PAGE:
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COMMUNITY CHIPPER PROGRAM

Overview

Welcome to the Mendocino County Fire Safe Council’s (MCFSC) 2020 Community “Chipper Day” Program. A Chipper Day is when the MCFSC< individual(s) or a neighborhood group organizes multiple homes or properties in the same area to do defensible space and/or roadside clearing projects and we arrange to have a chipper crew come chip all of the limbs and brush and either scatter or haul it away – which significantly reduces the cost and labor involved in making your neighborhood and home safer in the event of a wildfire.

Currently the MCFSC has funding for a number of chipper days that can happen throughout Mendocino County.

For a bit more of an orientation check out this Chipper Day video produced by our project partner Family Tree Resource:
https://youtu.be/cqO8KuHDfXs

Thanks for checking out the program. Working together we can all make Mendocino County a safer, more wildfire resilient home for us all!

What follows are IDEAL guidelines for chipper day organization.  But, we can work with you.  If you are concerned that you might not meet all of the listed requirements, give us a call and we will see what we can work out.

If you are interested in scheduling a Chipper Day for your neighborhood here are the steps:

  • Begin canvassing your neighbors to see if there is sufficient interest. The chipper crew will put in a full day. To be efficient we are looking for projects that can produce about 40 pickup truck bed sized loads of material to be chipped. (If your group is smaller let us know and we will see if we can combined your neighborhood group with another one to put together a full day’s effort.)
  • Select a neighborhood project leader to begin working with the MCFSC work on scheduling your chipper day. We will typically require at least a month’s lead time.
  • Begin collecting Landowner Access Agreements (LAA) from each property owner where chipper piles will be located. We will need them on file for the chipper crew to be able step into the property to remove your piles.
  • Prepare a map of planned chipper pile locations.
  • Make sure EVERYONE IN YOUR GROUP RECEIVES CHIPPER PILE GUIDELINES (see below)!  Chipper piles that are not properly organized, include inappropriate or unsafe materials or are not accessible for a large tuck with and chipper will not be processes and become the landowner’s responsibility.   Select and help train project “brush pile inspectors” as well as making sure that all participants obtain basic education about proper pile preparation.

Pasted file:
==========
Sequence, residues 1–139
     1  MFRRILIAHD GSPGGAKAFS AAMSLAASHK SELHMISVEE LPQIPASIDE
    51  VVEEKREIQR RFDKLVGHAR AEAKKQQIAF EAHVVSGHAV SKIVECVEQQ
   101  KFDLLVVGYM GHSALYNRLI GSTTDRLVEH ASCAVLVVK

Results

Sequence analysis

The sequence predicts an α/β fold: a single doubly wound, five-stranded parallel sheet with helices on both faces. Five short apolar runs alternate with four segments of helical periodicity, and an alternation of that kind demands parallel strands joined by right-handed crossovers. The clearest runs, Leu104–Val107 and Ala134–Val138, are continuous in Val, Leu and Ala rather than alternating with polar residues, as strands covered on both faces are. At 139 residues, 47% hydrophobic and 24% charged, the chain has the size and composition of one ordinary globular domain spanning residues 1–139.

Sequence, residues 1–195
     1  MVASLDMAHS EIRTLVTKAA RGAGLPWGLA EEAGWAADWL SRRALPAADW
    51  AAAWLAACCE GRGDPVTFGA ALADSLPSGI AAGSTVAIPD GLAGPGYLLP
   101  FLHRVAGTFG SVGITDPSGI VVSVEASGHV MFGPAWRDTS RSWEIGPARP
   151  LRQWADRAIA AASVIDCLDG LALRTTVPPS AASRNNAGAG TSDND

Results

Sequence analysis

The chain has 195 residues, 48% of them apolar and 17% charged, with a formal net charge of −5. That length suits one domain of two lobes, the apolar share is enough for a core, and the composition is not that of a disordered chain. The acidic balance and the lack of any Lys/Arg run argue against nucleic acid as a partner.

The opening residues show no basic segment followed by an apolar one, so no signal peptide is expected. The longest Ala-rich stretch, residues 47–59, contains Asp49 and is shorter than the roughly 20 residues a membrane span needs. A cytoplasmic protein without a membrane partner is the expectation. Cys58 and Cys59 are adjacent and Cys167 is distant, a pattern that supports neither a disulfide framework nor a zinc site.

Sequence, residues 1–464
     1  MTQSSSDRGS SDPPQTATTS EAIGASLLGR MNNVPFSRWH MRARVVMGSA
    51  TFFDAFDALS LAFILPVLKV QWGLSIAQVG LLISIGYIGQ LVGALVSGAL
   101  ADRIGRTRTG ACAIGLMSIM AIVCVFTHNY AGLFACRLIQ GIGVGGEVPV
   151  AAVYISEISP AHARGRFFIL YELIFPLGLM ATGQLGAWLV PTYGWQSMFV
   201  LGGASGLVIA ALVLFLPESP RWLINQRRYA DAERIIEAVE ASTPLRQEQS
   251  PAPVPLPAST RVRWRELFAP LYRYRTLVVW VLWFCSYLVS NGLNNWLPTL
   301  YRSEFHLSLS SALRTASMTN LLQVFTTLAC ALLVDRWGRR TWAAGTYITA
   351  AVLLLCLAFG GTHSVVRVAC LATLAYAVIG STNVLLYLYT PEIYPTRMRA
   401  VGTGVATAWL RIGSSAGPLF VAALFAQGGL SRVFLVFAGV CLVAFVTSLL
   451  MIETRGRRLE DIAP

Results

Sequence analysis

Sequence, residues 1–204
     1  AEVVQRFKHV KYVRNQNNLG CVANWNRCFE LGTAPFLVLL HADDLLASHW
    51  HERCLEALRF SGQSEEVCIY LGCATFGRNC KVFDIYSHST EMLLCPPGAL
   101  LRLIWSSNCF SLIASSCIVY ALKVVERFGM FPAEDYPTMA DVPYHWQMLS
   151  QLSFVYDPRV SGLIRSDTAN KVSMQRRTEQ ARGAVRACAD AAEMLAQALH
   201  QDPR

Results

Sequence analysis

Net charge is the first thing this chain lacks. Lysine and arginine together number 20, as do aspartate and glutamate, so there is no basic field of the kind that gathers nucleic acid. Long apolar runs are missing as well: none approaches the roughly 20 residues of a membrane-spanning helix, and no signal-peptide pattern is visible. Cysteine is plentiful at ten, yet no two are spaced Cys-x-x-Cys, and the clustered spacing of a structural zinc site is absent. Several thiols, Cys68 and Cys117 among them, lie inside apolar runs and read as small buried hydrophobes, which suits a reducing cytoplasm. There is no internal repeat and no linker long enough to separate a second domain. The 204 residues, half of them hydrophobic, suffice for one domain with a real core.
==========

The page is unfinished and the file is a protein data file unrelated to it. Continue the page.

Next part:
• Determine which members of your group would like to received a pile (or more) of chipped material.
  • Determine who will be responsible for providing us a list or map pf pile locations the week before your scheduled chipper day.
  • Arrange for taking “before” and “after” photography in GPS-marked locations.
  • Establish a practice for documenting neighborhood volunteer labor hours and contributions.
  • Consider also organizing work parties to help any of your neighbors who cannot manage their own clearing effort. The safer your neighbor’s home is the safer yours is as well. If you would like to arrange for one day accident insurance for your work crew the MCFSC can help with that as well.

If desired MCFSC can help present the project at a meeting of your neighborhood group.

Note:  Not all applications will be approved.  Do not begin work that depends on MCFSC chipping services until you are contacted by the MCFSC and we have confirmed we can meet your request and scheduled a date.

What Makes a Good Chipper Pile?

If you have a Community Chipper Day scheduled for your area soon
please see this document for the detailed requirements for your chipper
pile.

Chipper pile guidelines

 

General guidelines are:

  • brush must be clean of metal, rock, or other debris that may damage equipment or pose a risk to operators (bulldozed or machine stacked piles cannot be processed);
  • individual piles should be no larger than one large pickup-truckload in size and no taller than 5′;
  • no material should be longer than 10 feet long or 6 inches in diameter;
  • piles should not include any metal, roots or stumps, poison oak, oleander, vines, spiny plants, roses, blackberry, broom or gorse (or other know invasive species),  rakings or piles of needles, leave or grass, construction type wood or fence posts;
  • piles should be near the road or drive, accessible to the crew and not on a steep slope , with cut ends should face in the same direction, toward the road, all piles must be in locations readily accessible for a large chipper truck towing a chipper;
  • if possible, brush-cutting should occur within a few days of Chipper Days, for easier chipping and reduced fire risk from piles sitting out on roadsides;
  • crews should never be interrupted or distracted while working;
  • landowners may choose whether chips will be removed or left onsite (unless invasive species are detected in a chipper in which case all chipped material will need to be hauled away).

If you pile does not comply with the above guidelines it will not be chipped and you will be responsible for disposing of the unchipped material.  Residents are requested to document all hours spent and dollars expended during meetings, buying equipment, working around their homes, or paying others to clear defensible-space brush. Some of our grant funding requires a match donated by community members, making continued funding possible. Thanks for helping make Community Chipper Days possible and Mendocino County a safer place to live.

workers turn trees into wood chips